Eagle Peak CC

Fri, Mar 21, 2008

With: Ryan Burd

Etymology Story Photos / Slideshow Maps: 1 2 Profile
later climbed Tue, Apr 3, 2012

11yr-old son Ryan and I had planned to climb Junipero Serra Peak, the highpoint of Monterey County. Unfortunately I had failed to check on road conditions, and after three hours of driving from San Jose, we came up short when we found the gate locked just before the place where the road goes across the San Antonio River (creek, really). Bummer. Not to make a waste of it altogether, we decided to check out the San Antonio Mission while we were in the area. It is one of the few missions not physically close to US101, consequently it is one of the least visited. We found the mission open, but no one around with the exception of a bevy of very friendly cats. So friendly that they would practically knock you over to sit in your lap. Ryan thought this was the greatest part of the whole visit. We went inside the church to look around, then played around with the cats some more when we came out again. On our way out through the Hunter-Liggett base, we stopped at an old tank left alongside the road as a display. This was almost as cool as the cats, in Ryan's opinion.

Not wanting to come away without any sort of hike, I decided to stop by the Toro Regional Park just outside Salinas on our way back towards San Jose. The highpoint of the area, Mt. Toro, doesn't lie within the park despite the name, and it was only after hiking for several miles over old roads along the ridgetops that we came to realize just where Mt. Toro was (a long ways off, still). Ryan was tired enough after two hours of hiking that I didn't have the heart to press him further. I left him to rest in the shade of some oak trees on a knoll while I pressed on to see if I could make it to Mt. Toro, promising I'd be back in an hour. After half an hour of continuing undulations along the ridge, I realized I'd only covered half the remaining distance to Mt. Toro. I'd have to come back another time to try to reach it. I could see buildings, indicative of private property ahead, and suspect it may have to be a moonlight hike if I'm to reach the peak undetected (and told to get the heck out of there).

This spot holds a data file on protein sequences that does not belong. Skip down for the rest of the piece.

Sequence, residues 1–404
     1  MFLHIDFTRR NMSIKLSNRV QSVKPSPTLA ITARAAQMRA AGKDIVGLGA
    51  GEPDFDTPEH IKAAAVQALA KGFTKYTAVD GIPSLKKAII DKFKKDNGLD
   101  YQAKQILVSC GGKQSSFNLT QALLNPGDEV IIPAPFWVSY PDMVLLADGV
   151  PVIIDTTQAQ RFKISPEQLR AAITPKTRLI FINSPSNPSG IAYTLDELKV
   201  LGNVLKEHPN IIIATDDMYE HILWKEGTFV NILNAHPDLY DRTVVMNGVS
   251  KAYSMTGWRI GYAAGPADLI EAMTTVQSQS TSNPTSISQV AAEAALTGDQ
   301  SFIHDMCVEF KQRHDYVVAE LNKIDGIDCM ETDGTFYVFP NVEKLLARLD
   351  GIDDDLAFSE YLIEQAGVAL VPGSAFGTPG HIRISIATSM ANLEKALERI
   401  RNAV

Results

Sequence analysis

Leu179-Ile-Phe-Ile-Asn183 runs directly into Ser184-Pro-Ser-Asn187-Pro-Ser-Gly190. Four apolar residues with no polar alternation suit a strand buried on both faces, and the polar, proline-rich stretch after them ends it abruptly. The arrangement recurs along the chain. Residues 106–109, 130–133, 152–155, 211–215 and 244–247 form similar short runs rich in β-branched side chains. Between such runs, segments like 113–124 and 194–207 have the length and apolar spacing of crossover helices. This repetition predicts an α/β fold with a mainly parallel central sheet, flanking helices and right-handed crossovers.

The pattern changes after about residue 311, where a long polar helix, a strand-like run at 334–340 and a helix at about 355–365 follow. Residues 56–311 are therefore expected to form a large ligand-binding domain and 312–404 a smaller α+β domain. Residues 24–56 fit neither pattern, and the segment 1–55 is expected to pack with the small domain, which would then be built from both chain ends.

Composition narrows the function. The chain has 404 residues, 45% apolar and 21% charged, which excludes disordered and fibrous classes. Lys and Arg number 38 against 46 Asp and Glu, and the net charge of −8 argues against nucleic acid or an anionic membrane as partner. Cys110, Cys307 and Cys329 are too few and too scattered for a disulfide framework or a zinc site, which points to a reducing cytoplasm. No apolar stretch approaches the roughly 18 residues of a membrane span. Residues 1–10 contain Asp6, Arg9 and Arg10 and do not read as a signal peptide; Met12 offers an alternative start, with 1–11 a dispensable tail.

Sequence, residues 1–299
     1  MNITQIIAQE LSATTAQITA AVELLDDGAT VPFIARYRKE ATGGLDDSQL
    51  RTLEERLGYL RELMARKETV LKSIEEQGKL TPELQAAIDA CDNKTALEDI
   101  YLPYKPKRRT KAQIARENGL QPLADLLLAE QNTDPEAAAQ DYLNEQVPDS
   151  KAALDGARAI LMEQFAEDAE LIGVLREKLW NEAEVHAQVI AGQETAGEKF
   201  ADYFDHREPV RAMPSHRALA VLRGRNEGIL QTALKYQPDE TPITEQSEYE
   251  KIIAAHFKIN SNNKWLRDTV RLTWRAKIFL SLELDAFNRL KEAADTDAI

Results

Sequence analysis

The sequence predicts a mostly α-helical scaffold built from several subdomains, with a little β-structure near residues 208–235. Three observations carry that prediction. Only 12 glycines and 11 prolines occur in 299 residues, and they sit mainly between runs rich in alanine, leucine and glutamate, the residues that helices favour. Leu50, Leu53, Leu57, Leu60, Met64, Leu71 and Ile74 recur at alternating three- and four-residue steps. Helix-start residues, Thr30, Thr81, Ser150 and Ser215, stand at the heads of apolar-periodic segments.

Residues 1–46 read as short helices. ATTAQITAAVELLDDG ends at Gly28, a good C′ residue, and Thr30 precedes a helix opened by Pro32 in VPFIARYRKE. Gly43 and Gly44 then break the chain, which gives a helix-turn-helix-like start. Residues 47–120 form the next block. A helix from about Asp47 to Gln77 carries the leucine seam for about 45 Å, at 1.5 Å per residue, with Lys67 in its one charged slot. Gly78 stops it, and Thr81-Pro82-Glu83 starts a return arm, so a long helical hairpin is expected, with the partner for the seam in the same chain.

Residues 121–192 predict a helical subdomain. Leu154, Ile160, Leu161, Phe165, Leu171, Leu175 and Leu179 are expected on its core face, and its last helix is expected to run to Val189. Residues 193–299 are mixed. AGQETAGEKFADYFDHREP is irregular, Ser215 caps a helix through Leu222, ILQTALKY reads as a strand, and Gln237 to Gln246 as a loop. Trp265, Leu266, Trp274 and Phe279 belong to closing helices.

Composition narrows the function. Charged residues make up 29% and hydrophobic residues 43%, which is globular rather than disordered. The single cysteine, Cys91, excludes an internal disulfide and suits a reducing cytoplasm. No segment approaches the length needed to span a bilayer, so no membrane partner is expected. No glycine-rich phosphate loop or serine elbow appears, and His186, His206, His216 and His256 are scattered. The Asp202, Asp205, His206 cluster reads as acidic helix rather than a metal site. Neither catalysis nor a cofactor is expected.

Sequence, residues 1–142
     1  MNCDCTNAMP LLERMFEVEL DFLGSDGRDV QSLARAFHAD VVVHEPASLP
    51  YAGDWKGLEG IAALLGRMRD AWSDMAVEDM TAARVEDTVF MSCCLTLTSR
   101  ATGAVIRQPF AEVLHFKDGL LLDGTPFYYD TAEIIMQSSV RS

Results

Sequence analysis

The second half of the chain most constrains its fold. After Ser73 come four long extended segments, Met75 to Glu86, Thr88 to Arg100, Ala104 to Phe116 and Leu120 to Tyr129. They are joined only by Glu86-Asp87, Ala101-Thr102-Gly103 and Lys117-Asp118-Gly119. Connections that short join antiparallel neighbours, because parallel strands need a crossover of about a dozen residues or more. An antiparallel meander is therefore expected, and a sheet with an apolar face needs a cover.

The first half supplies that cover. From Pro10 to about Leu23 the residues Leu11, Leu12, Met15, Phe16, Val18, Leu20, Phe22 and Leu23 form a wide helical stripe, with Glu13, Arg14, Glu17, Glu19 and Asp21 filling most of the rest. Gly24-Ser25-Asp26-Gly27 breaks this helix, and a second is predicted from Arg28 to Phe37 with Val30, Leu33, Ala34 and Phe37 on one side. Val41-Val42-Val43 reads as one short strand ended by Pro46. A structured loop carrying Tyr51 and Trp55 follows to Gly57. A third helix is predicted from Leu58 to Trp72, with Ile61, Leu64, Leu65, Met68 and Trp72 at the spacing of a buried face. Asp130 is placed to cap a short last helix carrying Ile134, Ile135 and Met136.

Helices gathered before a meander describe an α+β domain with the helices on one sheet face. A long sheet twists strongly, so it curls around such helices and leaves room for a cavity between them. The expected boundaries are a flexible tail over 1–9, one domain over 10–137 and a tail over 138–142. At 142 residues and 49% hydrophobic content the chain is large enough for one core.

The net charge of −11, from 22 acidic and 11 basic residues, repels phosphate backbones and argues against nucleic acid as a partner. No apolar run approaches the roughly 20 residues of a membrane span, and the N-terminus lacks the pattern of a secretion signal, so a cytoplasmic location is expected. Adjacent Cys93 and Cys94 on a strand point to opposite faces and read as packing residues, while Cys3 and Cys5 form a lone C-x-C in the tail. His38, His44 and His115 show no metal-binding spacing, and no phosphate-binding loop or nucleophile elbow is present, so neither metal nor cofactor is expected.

After returning to where I'd left Ryan (which I later learned was named Eagle Peak), we took an alternate route back that went by a small fishing/boating pond near a camp facility. No one was around at the time, and we walked around the lake, examining the pier jutting out into the lake and looking for signs of fish, frog, or other life around the lake (none detected). It was a good time of year for spring wildflowers, which we enjoyed as we finished our hike back to the trailhead.

A day use fee is collected for entry into the park. There is plenty of free parking just outside the gate to the east for those wishing to avoid the fees. There were far more cars parked outside than inside on the day we were there.


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